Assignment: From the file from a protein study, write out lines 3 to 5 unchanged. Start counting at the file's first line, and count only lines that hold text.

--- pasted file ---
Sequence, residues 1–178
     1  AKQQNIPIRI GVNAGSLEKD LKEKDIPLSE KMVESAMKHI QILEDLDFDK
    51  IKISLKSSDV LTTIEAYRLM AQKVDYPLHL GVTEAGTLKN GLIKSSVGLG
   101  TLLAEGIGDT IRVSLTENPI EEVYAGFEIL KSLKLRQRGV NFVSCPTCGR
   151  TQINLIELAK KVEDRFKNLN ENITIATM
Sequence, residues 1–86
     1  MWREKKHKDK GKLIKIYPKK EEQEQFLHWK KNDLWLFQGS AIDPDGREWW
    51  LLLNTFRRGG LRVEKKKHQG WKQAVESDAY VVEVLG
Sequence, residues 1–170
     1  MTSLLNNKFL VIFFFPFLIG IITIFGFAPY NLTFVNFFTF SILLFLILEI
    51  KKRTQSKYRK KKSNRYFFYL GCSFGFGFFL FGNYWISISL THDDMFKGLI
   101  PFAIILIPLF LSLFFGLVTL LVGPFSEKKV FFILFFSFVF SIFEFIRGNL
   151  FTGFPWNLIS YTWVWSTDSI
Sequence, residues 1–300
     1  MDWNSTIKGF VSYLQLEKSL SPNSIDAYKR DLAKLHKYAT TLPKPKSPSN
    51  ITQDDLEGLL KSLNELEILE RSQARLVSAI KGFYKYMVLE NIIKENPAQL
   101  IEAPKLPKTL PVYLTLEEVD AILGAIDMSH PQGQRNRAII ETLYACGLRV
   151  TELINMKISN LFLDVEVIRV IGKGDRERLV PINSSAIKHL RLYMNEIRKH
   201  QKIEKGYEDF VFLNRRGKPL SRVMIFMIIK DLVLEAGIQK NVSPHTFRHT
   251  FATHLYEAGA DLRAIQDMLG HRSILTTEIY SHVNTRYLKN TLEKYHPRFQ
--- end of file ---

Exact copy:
    51  IKISLKSSDV LTTIEAYRLM AQKVDYPLHL GVTEAGTLKN GLIKSSVGLG
   101  TLLAEGIGDT IRVSLTENPI EEVYAGFEIL KSLKLRQRGV NFVSCPTCGR
   151  TQINLIELAK KVEDRFKNLN ENITIATM